/ Sociologies in dialogue and Post-Western Theory
Seminar "Japanese Sociology and Post-Western Theory (2) : Traditions and Heritages" (with Daishiro Nomiya)20 mars : 09h30 - 12h00, à l’ENS de Lyon, site Descartes, salle D4.260
9:30 -9:50 am : introduction by Laurence Roulleau-Berger, Research Director at CNRS, HDR in sociology -French Director of International Advanced Laboratory (IAL) Triangle, ENS Lyon
: Post-Western Sociology :traditions and legacies.
9:50 am-10:45 am : Dai Nomiya, Professor of sociology at Chuo University, Tokyo-Director and Program Chair Global Sociology, Vice-president of the East Asian Sociological Association :
Japanese Sociology and Historical Legacies
It was in the latter half of the 19th century when sociology as a discipline was introduced to Japanese academia. The Meiji Restoration in 1868 paved a way for a new and western-styled modernization of the country. Spencer’s theory of the evolution of society appealed well to intellectuals and political and industrial leaders in Japan, who firmly believed that Japan would soon catch up with the Western societies and become a military and scientific giant. Entering into 20th century, the Japanese intellectual adopted a more and varied genre of sociology from abroad. G. Simmel, F. Tönnies, and R. M. MacIver were successively introduced to Japanese academia, exposing what we call today formal sociology to the Japanese intellectuals. In later years, Marxist sociology and German cultural sociology came to be recognized as a way to promote the study of the state and classes in more concrete terms. Along with this movement came a new strategic change in the study of sociology : introduction of empirical and positivistic sociology. Introduction of Durkheim, especially his spirit of empirical rigor, may have pushed this trend further.
Post-war period Japan witnessed another unfolding of sociology as a discipline. Rapid socioeconomic development pushed Japanese sociologists to study the social development and associated societal change and social problems. Assisted by an avid import of American sociology, theories of modernization, social stratification, economic sociology, communication, social psychology as well as other subareas of sociology were in full bloom, giving sociology an impression of collected stature of many subdivided areas. Theories of sociology were also introduced one after another ; functionalism, conflict theory, exchange theory, symbolic interaction, phenomenological sociology, critical theory, ethnomethodology, etc.
It is true that even today, Japanese sociology continues to have followed Western sociological traditions. Apart from this trend, there appears to be a genre of academic practice that runs as an undercurrent of collective endeavor of Japanese sociologists. This undercurrent may set apart Japanese sociology from the Western sociology. That is, qualitative inquiry that puts an individual as the unit of analysis and observe mental and psychological dispositions in light of the social structure in which the individual is situated. Here, personal experiences, together with difficulties and unexpected incidents in life, are highlighted as an subject of study. Logical derivations, and clear explanations of the causes of the incidents are rather remote interest ; more, query remains what occurred in the eyes of the individual in question. The presentation also tried to pay attention to this “Japanese undercurrent.”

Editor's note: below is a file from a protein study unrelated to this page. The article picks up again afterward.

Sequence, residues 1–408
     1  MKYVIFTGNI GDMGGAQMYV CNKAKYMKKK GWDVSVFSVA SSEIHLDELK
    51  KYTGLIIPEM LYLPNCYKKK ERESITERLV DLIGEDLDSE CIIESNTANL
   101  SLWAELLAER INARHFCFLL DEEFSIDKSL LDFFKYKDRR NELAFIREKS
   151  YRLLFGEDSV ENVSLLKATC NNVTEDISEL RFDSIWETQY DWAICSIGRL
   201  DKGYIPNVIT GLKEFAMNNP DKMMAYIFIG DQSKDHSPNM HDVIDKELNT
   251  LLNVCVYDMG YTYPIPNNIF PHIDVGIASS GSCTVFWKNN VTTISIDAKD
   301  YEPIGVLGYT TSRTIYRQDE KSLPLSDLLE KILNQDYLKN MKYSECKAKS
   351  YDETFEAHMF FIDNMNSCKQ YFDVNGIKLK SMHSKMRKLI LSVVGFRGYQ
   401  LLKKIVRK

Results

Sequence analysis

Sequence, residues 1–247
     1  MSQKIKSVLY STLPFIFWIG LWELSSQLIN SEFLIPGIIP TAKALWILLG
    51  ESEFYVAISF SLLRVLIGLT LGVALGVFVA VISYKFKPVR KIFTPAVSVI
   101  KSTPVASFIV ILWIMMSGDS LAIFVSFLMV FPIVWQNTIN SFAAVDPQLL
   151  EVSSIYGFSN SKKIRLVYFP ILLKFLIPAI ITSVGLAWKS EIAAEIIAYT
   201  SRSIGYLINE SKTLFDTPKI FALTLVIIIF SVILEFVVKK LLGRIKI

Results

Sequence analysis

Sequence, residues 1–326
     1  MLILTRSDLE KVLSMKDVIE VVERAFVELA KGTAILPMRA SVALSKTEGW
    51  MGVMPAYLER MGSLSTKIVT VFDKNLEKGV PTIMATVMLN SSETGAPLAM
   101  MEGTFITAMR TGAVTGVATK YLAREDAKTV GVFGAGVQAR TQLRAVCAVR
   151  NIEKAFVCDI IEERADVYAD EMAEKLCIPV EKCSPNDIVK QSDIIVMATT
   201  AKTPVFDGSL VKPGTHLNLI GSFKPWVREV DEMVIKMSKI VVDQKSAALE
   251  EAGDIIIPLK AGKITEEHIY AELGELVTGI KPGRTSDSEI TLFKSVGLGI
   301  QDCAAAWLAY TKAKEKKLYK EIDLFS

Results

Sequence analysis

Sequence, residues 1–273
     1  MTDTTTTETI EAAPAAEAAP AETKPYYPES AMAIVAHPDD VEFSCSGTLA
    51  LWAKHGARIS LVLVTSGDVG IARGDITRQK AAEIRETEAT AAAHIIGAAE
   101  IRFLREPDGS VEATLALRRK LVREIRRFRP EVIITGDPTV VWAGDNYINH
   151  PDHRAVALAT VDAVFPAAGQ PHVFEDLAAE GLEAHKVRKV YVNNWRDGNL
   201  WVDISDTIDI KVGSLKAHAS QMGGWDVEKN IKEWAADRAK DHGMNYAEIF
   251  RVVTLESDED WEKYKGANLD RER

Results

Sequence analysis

10 :45 -12 : 00 am : discussion opened by :
- Audrey Vézian, is Senior Researcher at CNRS, PhD in sociology, Triangle ENS Lyon. Her research interests are sociology of biomedicine and sociology of public action, the sociology of professions. Her research deals with the organization of biomedical activities and the processes of rationalization involved in this, and the processes of designing and implementing public healthcare policies. Her representative works are : Les politiques de lutte contre le cancer en France : regards sur les pratiques et les innovations médicales (Presses de l’EHESP, 2019), « The Regulation of Public Data : The Difficult Case of the Health Sector » in Digital Transformation and Public Policies, ISTE Science Publishing LTD, 2023.
- Jérémy Jammes is Full Professor in Social Anthropology and Asian Studies at the Lyon Institute of Political Studies (Sciences Po Lyon), and Research fellow at the Lyon Institute of East Asian Studies (IAO, UMR 5062). He is an active researcher specializing on East Asia and Southeast Asian geopolitics and religions. Among his books : Les Oracles du Cao Đài. Étude d’un mouvement religieux vietnamien 7 et de ses réseaux (Les Indes savantes, 2014), Muslim Piety as Economy : Markets, Meaning and Morality in Southeast Asia (edited with Johan Fischer, Routledge, 2020), Fieldwork and the Self : Changing Research Styles in Southeast Asia (edited with Victor T. King, Springer, 2021). He is co-editor-in-chief of a Routledge Series on “Study in Material Religion and Spirituality”.
- Samir Hadj Belgacem is Associate Professor, PhD in sociology, University Jean Monnet (Saint- Etienne), and is attached to the Max Weber Center (Public Cultures Team). His research deals with the logics of electoral and partisan commitment in working-class neighborhoods and the political representation of minority fractions of the working classes. He recently published : with J.Taplin, H. Balazard, M.Carrel,S. Kaya, A. Purenne and G. Roux, L’épreuve de la discrimination. Enquête dans les quartiers populaires, PUF, 2021., ""De petits refus". Conflits associatifs avec la municipalité et engagement électoral dans les cités," Sociétés contemporaines, vol. 118, no. 2, 2020, pp. 51-78 and coedited with F. Nasri the book "La Marche de 1983. De la mémoire à l’histoire d’une mobilisation collective ", Nanterre, Presses Universitaires de Paris Nanterre, " Les passés dans le présent ", July 2018, 283 p.